In our previous article, we looked at the basic patterns needed to implement a repository. In many cases these patterns were such a thin layer around the underlying data access technology they were essentially unnecessary. However, once you have a repository in place, many new opportunities become available.
This article will focus on the basic functionality that one would find in a typical repository created with .NET. We’ll look at both general functionality and how that functionality would be implemented using three different styles of ORM: Entity Framework, Dapper, and Tortuga Chain.
Refactoring for Software Design Smells by Girish Suryanarayana, Ganesh Samarthyam, and Tushar Sharma presents a catalogue of typical software design smells and how they can be remedied.
When and how to apply architecture depends on the context. This article shows how you can give proper attention to architecture in an agile setting. Adaptability and conversation are the essentials. 4
This article describes the increasingly popular Microservice architecture pattern, used to architect large, complex and long-lived applications as a set of cohesive services that evolve over time. 13
In this article we present some of the most common performance analysis antipatterns in the enterprise platform, expressed in terms of their basic causes along with remediation strategies. 1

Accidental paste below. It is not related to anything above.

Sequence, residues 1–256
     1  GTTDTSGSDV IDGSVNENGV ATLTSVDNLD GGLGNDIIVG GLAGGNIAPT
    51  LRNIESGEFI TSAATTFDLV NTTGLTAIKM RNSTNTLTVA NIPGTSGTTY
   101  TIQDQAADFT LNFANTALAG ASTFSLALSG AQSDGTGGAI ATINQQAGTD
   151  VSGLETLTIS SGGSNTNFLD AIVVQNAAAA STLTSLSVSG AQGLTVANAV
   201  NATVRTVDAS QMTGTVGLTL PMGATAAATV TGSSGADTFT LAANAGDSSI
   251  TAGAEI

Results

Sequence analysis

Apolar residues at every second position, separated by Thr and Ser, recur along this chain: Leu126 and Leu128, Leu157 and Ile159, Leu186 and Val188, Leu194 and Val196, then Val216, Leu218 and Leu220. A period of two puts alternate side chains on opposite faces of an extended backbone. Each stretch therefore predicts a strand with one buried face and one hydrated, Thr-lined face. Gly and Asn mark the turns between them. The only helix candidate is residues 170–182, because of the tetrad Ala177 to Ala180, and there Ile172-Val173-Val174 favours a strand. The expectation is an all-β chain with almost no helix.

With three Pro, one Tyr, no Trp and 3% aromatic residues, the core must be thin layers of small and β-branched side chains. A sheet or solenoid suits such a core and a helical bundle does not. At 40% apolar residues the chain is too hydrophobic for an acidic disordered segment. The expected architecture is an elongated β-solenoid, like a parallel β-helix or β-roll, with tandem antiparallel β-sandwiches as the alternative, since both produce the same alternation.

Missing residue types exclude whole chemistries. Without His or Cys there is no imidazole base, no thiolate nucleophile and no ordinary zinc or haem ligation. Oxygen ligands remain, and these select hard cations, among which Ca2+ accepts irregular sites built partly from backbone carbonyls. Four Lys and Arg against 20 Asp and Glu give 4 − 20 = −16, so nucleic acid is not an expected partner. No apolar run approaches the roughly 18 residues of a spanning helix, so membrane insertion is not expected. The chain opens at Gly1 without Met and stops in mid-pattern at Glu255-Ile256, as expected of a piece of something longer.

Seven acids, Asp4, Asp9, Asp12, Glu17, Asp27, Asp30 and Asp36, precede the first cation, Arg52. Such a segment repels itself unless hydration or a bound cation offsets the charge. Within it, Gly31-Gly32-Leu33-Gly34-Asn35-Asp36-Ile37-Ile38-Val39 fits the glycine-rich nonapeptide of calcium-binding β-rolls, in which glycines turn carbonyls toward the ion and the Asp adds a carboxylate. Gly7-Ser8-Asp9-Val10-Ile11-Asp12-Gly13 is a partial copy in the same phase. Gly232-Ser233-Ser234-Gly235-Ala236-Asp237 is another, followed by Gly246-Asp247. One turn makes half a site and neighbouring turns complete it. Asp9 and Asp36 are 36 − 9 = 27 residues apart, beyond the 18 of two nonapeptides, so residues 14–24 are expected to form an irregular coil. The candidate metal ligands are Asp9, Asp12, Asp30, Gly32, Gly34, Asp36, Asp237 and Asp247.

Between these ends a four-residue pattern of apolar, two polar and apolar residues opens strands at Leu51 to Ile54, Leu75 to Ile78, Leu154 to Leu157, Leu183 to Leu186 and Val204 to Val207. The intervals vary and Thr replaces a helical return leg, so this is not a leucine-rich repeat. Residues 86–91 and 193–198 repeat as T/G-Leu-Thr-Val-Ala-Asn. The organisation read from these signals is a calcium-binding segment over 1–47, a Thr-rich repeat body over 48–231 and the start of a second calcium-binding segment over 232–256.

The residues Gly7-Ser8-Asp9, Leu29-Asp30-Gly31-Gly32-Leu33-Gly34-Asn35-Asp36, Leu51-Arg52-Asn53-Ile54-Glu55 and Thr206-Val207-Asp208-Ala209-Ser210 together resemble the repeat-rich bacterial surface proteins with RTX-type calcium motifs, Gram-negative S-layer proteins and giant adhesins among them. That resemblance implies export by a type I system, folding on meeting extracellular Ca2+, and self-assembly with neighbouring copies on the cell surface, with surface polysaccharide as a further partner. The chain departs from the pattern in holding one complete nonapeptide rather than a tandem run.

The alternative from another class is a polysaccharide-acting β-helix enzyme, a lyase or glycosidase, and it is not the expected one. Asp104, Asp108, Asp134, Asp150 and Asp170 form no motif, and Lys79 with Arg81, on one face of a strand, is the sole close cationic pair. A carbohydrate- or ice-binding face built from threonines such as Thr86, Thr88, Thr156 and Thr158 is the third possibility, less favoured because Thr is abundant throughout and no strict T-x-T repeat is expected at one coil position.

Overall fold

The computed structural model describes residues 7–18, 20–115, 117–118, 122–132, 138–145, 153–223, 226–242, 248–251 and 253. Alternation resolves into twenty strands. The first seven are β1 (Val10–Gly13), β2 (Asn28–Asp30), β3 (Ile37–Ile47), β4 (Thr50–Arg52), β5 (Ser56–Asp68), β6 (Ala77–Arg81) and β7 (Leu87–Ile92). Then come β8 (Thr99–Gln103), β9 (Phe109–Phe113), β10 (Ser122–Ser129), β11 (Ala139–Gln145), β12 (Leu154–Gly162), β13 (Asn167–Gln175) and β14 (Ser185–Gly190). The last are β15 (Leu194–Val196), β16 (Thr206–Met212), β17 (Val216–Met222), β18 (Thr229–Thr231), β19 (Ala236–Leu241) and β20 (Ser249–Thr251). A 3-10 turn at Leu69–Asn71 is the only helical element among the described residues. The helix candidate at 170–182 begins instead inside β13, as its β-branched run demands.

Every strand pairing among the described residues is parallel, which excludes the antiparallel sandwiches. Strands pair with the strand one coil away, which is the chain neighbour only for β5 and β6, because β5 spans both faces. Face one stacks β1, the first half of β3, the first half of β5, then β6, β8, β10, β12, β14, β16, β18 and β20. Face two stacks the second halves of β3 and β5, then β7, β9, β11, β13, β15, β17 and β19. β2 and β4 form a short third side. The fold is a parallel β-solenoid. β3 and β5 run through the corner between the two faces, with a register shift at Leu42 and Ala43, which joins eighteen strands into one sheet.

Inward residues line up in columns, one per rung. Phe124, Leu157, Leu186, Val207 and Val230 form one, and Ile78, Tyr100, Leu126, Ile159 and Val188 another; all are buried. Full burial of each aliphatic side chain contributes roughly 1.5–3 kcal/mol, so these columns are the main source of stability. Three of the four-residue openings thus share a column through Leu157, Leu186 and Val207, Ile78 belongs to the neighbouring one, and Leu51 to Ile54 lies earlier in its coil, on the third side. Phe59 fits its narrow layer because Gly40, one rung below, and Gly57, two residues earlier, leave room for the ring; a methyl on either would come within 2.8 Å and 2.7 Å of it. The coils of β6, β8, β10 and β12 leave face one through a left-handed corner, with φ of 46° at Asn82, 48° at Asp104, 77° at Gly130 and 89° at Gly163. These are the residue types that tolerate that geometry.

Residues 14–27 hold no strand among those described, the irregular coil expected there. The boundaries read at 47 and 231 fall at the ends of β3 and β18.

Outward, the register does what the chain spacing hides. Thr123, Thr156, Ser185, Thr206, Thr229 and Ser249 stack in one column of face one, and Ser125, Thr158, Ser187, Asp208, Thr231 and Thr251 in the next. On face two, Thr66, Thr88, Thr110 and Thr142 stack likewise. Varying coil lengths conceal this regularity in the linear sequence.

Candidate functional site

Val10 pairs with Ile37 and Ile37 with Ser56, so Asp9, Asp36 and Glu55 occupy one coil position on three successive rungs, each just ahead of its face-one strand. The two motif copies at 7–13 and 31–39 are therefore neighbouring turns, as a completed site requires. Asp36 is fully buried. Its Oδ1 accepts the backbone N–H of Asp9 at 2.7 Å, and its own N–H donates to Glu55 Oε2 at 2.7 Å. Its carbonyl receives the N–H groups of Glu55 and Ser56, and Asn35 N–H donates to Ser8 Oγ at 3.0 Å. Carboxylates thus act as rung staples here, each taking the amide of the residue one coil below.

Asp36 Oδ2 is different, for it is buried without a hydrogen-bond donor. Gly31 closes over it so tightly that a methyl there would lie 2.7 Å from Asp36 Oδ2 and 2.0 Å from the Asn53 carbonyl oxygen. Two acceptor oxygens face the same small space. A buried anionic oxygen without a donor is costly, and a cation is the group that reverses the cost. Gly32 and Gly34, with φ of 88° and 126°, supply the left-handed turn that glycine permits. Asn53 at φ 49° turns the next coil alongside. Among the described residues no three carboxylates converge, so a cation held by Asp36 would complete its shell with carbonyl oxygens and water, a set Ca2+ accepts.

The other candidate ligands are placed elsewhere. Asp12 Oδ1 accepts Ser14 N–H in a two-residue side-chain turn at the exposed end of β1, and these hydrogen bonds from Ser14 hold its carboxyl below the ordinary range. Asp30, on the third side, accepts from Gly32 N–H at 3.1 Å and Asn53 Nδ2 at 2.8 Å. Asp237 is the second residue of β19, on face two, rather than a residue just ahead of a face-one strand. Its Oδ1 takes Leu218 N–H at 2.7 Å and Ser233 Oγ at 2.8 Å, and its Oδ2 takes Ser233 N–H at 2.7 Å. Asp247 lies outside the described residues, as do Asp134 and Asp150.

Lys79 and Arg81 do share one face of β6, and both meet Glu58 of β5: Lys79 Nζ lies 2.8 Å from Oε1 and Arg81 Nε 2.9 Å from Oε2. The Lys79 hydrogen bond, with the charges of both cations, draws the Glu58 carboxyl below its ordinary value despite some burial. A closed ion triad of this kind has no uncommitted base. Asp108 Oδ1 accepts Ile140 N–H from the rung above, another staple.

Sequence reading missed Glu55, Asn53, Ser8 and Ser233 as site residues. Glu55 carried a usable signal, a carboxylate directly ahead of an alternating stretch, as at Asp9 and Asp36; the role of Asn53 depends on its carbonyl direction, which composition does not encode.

In this article, author discusses the effectiveness of using design patterns, based on surveys conducted to indicate which patterns were considered useful under what circumstances. 12
Netflix is a widely referenced case study for how to operate a cloud application at scale. In this interview, InfoQ spoke with Adrian Cockcroft who is the Cloud Architect for the Netflix platform.
InfoQ talked with Sandi Metz, author of "Practical Object-Oriented Design in Ruby" about her book, learning from open source code, making sensible use of code analysis tools and other topics.
Aliaksei Papou explores how components and design patterns such as the observer and State Machine make it possible to design an application such that it can grow and change according to your needs. 5
Most boilerplate code stems from repetitive implementation of design patterns that are so well-understood that they could be implemented automatically if we had a way to teach it to compilers. 8